Siemens has received an order for an HVDC (high-voltage direct-current) back-to-back link to connect the power supply networks of India and Bangladesh. On a turnkey basis, Siemens will be responsible for engineering, installing and commissioning of the complete HVDC system. The customer is Power Grid Company of Bangladesh (PGCB). Siemens has already installed block 1 of the Bheramara HVDC back-to-back station in 2013 and will now deliver a second block with a transmission capacity of another 500 megawatts (MW). The order value is approximately 130 million EUR and the power link is scheduled to come on line in the second half of 2018.
“We are pleased to announce another order from our valued customer PGCB,” states Mirko Düsel, CEO of Siemens’ Transmission Solutions Business Unit. “With the implementation of Bheramara’s second block, Siemens helps to further grow reliable power sources and strengthen grid stability. The availability of reliable power transmission is key for emerging countries like Bangladesh.”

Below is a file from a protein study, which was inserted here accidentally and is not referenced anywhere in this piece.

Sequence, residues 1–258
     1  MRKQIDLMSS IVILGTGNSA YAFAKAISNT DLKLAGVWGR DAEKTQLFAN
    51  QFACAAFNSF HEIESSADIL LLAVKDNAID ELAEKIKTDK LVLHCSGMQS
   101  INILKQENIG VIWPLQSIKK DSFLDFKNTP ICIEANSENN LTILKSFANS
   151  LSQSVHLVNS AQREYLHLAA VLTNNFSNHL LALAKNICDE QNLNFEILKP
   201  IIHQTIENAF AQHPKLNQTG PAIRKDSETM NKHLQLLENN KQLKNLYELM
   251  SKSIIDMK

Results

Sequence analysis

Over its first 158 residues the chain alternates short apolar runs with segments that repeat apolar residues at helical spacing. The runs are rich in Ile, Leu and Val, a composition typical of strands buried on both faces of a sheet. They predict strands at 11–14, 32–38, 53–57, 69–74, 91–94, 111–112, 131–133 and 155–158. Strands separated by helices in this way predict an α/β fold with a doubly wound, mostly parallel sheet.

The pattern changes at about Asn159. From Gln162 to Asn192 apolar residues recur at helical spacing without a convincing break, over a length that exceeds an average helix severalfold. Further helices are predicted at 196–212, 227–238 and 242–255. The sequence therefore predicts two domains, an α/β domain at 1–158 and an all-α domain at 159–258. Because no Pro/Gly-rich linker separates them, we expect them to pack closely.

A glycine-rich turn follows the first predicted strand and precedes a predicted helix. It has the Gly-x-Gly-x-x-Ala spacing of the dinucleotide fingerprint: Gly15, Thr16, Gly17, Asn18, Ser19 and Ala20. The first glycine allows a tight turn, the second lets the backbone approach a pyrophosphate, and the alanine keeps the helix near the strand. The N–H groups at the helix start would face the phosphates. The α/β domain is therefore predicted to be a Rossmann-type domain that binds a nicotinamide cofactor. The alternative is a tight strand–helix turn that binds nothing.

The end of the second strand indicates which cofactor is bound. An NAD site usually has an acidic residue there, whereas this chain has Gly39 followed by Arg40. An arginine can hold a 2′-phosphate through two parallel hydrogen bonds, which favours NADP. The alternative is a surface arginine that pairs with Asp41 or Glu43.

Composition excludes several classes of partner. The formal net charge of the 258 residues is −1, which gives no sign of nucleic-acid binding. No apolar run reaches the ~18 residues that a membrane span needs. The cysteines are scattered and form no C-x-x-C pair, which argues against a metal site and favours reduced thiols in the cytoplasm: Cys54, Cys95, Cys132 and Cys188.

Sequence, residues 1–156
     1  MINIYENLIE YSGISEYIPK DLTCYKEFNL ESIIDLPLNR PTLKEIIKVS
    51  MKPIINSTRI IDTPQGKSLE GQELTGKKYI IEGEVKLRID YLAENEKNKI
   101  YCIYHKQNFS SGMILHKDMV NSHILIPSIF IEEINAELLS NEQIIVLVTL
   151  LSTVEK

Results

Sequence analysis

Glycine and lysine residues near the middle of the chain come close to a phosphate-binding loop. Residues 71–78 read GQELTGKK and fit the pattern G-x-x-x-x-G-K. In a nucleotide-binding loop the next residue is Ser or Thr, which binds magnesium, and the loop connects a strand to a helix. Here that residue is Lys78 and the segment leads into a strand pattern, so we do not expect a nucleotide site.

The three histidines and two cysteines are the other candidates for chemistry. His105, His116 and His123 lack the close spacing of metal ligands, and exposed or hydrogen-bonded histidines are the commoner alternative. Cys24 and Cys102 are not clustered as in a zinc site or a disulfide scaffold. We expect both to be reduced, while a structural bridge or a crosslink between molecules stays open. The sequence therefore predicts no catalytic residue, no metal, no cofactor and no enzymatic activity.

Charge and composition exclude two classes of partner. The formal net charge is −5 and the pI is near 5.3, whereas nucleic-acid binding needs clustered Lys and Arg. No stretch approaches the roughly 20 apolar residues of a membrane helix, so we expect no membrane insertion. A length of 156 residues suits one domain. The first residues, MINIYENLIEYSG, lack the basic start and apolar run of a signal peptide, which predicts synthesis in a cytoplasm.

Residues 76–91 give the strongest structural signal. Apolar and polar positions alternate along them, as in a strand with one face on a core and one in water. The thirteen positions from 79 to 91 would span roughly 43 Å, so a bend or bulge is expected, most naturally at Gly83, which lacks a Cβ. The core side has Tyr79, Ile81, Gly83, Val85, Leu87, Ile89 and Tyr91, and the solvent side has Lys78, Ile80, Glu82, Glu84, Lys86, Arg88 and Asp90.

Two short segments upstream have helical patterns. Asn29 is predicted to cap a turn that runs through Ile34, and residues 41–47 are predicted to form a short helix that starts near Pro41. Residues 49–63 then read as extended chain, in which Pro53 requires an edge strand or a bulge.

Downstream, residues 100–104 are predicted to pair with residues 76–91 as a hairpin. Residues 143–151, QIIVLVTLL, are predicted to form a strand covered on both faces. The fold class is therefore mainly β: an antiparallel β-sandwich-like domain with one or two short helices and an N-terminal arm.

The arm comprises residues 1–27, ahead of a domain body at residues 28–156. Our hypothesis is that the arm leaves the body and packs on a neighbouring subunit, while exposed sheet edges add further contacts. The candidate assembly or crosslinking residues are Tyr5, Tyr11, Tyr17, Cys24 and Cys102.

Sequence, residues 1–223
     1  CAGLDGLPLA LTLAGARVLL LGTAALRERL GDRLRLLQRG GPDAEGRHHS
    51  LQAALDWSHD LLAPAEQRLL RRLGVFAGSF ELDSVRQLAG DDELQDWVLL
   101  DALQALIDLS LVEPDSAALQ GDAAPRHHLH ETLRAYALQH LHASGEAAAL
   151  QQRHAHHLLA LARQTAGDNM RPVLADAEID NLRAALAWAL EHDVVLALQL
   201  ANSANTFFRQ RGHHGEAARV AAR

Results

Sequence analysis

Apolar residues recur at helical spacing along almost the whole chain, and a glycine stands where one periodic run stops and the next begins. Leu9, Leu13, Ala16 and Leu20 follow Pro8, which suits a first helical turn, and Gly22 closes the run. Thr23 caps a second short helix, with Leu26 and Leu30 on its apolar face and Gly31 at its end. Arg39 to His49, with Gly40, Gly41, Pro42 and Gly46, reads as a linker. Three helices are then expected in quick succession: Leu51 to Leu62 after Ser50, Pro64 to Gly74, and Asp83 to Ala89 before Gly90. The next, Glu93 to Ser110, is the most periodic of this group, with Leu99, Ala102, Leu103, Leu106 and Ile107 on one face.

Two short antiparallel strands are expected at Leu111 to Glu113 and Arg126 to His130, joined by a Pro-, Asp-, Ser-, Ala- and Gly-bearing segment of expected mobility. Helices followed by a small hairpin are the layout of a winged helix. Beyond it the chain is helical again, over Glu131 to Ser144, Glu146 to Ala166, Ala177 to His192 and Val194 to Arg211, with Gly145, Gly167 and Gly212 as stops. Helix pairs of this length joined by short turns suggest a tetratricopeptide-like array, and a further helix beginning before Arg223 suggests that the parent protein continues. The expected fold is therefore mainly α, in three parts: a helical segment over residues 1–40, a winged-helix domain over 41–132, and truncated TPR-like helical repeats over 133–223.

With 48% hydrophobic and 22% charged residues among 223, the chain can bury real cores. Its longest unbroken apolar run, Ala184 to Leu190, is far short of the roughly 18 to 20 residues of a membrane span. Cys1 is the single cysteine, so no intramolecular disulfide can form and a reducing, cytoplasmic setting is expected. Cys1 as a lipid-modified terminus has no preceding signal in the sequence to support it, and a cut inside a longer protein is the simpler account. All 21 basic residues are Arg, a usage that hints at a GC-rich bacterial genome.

Siemens' scope of supply compasses delivery of all electrical components including the control, protection and monitoring systems for the HVDC system, the thyristor valves, eight converter transformers and the AC filters. Siemens’ proven HVDC Classic technology with its fast control function will contribute toward stabilization of the connected systems, which is a key benefit in the event of grid disturbances. Furthermore this high capacity power link will make sure to avoid bottlenecks on the 230 kV side of Bangladesh. The station of the HVDC back-to-back link will be located in Bheramara at the Western border of Bangladesh, where it will be connected via a substation and overhead line with India’s 400-kilovolt (kV) grid.
With a back-to-back HVDC link two independent neighboring transmission systems with incompatible electrical frequencies, exceeding short-circuit power levels or different operating philosophies are connected. Rectifier (conversion of AC to DC) and inverter (conversion of DC to AC) are located in the same station, as known as back-to-back. DC links are used to enhance weak AC links by transmitting large amounts of active power and facilitating fast controllability of the power flow, esp. when the existing networks have reached the limit of their short-circuit capability.
Recently Siemens has received another order from PGCB to design, procure, supply, install, test and commission 230/132kV gas insulated switchgear (GIS) substation along with 225/300 MVA, 132/33 KV and 50/75 MVA transformers at Keraniganj near Dhaka, the capital of Bangladesh.